‘A Dog’s Purpose’ Review: An Uninspired Attempt at an Inspirational Film
The premise, for what it’s worth, is shockingly complex for a wide release family film: a single dog (voiced by a superb Josh Gad) searches for his purpose in life, throughout a series of reincarnations and a handful of quirky owners – and while his consciousness stays the same throughout, his various owners age and progress in time. Phew, I know.
The audience is privy to five of the canine’s lives: the first is cruel, and terminates in an unceremoniously short trip to the pound, setting the film off in a strange, off-kilter tone before returning for what is easily the film’s most frustratingly lengthy segments as young pup named Bailey. Bailey is a darling retriever, floppy eared and immeasurably exuberant, and after enduring a small amount of trauma at the hands of some cartoonishly greedy garbage men, finds himself in the arms of an equally energetic kid. The boy, named Ethan (played at different stages in his life by Bryce Gheisar, K.J. Apa and Dennis Quaid) is sweet, and his scenes with the dog are every inch Norman Rockwellian idyll, with the notable addition of more than a few poop jokes. But inevitably, life intervenes. There’s an alcoholic father, a snide and destructive bully and a calamitous accident that displaces Bailey and changes the course of his owner’s life forever.
If any of that sounds layered or intriguing, I promise you, it’s not. For all the film’s investment in “purpose” and humanity, A Dog’s Purpose seems uninterested in either, preferring instead to paint in broad, predictable strokes and dealing in tinny Americana rather than fundamental human truths. The script, which is performed largely by Gad in his various doggy incarnations, is woefully dull and unrelentingly immature despite his best efforts; so much so that Bailey’s resigned admission that “being alone might be the worst thing to happen to you” feels deeply profound in comparison to the inanity that precedes it.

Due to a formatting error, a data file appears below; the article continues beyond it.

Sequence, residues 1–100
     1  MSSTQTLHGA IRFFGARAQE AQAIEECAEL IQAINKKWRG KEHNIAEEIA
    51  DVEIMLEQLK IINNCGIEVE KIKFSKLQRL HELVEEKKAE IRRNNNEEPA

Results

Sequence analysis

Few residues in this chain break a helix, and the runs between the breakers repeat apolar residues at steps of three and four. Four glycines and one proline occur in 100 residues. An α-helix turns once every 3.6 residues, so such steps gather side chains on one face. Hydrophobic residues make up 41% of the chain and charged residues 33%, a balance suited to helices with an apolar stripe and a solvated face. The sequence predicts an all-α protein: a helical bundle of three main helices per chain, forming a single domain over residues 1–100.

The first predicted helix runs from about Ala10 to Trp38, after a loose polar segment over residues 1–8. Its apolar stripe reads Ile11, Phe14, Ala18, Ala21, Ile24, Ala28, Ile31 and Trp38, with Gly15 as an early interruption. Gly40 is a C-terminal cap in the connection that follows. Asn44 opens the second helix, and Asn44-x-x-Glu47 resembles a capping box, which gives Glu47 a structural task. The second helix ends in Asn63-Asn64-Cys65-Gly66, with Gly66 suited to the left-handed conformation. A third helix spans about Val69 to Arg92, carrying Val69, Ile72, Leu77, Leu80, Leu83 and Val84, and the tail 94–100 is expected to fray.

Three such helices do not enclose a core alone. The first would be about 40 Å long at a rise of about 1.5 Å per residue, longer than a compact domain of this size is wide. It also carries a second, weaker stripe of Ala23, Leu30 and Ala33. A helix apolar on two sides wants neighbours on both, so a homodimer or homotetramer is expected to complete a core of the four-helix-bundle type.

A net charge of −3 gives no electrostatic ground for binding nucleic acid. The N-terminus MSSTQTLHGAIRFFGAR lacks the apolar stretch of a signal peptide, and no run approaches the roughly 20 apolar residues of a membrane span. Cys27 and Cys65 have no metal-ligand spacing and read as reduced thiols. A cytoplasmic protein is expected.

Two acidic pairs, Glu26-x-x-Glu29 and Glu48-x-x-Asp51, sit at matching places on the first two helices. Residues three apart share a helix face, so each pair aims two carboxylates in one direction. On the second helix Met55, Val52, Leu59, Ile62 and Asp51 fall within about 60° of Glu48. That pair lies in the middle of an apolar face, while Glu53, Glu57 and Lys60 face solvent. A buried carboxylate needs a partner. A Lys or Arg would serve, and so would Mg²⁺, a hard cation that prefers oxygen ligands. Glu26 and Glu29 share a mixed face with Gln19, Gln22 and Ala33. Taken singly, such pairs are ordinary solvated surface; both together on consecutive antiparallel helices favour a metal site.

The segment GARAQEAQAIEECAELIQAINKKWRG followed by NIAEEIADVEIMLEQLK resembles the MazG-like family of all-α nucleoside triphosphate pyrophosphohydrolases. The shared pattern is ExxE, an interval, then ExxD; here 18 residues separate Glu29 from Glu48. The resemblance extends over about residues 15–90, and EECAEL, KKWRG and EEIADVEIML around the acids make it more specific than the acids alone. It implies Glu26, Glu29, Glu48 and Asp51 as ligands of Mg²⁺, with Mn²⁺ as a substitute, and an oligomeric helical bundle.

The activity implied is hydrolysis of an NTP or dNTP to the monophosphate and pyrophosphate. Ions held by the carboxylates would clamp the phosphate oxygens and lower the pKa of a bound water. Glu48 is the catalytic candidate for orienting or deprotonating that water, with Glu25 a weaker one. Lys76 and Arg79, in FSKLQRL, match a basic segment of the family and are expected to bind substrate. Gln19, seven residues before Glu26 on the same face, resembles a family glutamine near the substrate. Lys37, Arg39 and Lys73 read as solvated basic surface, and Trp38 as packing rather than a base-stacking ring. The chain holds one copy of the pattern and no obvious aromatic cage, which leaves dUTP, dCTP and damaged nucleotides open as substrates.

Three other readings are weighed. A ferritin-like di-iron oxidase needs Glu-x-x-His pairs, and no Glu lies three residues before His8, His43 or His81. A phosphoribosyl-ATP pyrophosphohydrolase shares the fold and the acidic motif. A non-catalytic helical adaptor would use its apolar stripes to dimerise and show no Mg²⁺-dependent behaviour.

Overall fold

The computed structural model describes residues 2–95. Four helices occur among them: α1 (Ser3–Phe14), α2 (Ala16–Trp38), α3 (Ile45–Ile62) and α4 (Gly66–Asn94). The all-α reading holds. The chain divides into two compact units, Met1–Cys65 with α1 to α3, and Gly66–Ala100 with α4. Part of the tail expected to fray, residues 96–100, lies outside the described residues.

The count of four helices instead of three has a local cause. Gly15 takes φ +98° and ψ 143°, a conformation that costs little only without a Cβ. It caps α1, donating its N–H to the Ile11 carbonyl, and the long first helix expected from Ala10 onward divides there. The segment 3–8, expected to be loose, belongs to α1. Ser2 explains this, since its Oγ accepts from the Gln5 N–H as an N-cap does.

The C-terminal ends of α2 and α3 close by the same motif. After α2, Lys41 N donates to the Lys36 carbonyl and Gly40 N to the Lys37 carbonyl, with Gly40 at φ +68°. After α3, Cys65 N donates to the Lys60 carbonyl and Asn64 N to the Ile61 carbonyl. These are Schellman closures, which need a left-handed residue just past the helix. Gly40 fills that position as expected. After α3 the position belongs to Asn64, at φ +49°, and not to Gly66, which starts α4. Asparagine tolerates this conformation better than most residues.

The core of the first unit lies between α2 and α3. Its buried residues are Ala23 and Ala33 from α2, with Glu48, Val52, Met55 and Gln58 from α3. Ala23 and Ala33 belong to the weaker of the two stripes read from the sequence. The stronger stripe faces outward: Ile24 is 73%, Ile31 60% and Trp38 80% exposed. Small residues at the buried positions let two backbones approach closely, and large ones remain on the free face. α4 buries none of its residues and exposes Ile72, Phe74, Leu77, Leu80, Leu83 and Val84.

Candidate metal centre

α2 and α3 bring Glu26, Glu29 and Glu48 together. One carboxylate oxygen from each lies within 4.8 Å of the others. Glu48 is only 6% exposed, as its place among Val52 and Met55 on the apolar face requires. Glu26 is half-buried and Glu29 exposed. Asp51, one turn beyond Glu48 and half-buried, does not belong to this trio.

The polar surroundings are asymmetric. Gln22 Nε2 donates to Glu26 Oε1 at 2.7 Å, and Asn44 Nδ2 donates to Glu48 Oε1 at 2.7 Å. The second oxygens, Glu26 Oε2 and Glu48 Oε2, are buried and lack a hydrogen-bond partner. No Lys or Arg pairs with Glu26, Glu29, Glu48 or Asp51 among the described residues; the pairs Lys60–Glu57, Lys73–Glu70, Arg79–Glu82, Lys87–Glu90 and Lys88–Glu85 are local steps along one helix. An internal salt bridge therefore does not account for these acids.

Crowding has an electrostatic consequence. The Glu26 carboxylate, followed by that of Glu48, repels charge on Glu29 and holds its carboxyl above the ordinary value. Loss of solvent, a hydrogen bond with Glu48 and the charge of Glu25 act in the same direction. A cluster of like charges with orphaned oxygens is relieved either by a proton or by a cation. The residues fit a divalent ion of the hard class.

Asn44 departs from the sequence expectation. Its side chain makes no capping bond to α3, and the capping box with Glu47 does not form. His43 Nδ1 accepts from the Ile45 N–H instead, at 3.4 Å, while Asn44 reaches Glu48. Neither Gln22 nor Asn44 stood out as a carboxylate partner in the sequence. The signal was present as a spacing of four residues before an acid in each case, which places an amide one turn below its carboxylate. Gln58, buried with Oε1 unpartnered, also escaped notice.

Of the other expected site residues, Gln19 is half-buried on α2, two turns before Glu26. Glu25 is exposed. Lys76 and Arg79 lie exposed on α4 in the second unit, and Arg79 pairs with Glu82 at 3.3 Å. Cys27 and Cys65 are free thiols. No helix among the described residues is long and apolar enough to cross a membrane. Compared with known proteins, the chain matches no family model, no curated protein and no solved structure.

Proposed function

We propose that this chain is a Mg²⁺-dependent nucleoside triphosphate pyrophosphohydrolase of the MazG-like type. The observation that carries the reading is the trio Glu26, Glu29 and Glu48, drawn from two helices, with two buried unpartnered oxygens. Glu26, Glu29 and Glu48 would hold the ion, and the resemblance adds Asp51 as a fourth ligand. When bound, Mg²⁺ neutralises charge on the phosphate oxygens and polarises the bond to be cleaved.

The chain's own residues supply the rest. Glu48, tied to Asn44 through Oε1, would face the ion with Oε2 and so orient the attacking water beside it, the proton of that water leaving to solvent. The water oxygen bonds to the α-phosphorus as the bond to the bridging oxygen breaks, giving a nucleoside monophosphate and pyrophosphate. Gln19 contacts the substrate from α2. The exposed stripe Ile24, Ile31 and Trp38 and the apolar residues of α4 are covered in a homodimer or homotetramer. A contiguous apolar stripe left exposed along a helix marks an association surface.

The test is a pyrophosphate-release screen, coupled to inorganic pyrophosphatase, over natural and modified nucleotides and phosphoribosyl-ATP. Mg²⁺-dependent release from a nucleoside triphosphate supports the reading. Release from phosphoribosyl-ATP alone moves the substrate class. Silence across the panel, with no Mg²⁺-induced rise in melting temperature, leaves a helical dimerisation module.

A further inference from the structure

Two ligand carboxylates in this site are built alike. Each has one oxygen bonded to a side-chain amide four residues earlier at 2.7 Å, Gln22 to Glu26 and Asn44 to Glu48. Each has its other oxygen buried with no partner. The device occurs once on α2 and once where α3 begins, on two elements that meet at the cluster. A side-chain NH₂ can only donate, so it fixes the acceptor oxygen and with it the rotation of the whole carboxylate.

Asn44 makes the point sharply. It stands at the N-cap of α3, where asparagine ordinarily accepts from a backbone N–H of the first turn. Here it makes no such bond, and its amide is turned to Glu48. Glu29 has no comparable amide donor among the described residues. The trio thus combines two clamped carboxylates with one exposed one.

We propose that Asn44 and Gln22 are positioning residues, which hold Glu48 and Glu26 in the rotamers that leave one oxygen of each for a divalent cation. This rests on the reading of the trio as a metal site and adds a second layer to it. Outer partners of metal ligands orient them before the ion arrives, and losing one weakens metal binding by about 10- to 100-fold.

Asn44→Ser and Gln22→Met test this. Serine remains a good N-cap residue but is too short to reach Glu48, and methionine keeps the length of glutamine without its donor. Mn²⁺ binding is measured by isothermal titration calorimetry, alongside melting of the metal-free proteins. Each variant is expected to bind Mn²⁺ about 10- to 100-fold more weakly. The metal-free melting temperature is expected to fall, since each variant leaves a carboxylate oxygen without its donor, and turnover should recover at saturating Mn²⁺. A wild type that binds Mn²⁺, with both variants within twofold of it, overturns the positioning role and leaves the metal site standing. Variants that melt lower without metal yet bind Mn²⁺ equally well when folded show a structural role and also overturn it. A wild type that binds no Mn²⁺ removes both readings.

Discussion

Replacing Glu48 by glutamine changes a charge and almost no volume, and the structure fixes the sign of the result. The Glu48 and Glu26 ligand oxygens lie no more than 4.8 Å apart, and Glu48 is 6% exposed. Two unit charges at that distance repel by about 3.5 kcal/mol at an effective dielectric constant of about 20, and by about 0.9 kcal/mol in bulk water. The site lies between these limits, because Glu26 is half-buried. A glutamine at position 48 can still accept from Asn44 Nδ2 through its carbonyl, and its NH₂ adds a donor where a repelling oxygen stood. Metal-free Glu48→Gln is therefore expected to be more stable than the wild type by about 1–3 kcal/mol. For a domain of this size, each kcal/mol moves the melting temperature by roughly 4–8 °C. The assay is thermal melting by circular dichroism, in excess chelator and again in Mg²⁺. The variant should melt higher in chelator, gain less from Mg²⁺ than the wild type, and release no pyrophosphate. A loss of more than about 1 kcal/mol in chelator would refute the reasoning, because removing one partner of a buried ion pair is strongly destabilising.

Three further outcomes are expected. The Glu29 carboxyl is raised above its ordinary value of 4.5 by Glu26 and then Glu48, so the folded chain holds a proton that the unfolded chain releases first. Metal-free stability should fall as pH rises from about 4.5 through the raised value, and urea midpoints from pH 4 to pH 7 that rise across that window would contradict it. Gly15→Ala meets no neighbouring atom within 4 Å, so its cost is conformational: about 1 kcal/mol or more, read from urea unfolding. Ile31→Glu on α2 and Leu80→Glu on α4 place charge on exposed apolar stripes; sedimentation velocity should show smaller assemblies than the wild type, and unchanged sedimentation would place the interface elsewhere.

By all accounts, Lasse Hallstrom is an incredibly talented director: he’s the man behind The Cider House Rules, What’s Eating Gilbert Grape and the aptly titled My Life as a Dog, and he certainly knows how to craft a smart and complex narrative landscape bolstered with compelling visuals. But A Dog’s Purpose isn’t just flat on story, it can also be exasperatingly difficult to watch, particularly in the first act in which Hallstrom plays with bouncy dog POV, resulting in a theatrical experience that would more likely induce vomiting rather than trigger oxytocin. But when the film is touching, it’s touching – in terms of puppy tear-jerking, this is Marley and Me on speed – and anyone willing to pay the price of admission will certainly get their money’s worth in “I can’t believe I’m doing this” tears.
Unfortunately, I’m not sure how many people will pay the price of admission after this week. The leaked on-set video that featured a German Shepherd in duress before being plunged into water (whether it presents a clear picture of the events or not, a fact that’s been heavily debated by the producer of the film and star Dennis Quaid as falsely edited footage in the days leading up to its release) certainly poses a threat to the film’s marketability, and pitches the film’s animal-centric musings in an unfavorable hypocritical light. Ultimately, the film’s quality makes my quandary of whether or not I should endorse the film moot – I don’t think I would recommend A Dog’s Purpose regardless of any behind the scenes issues. It’s certainly not the worst film you’ll see this year, but it’s one I’m willing to bet you won’t remember by the end of it.
A Dog’s Purpose is in theaters this weekend.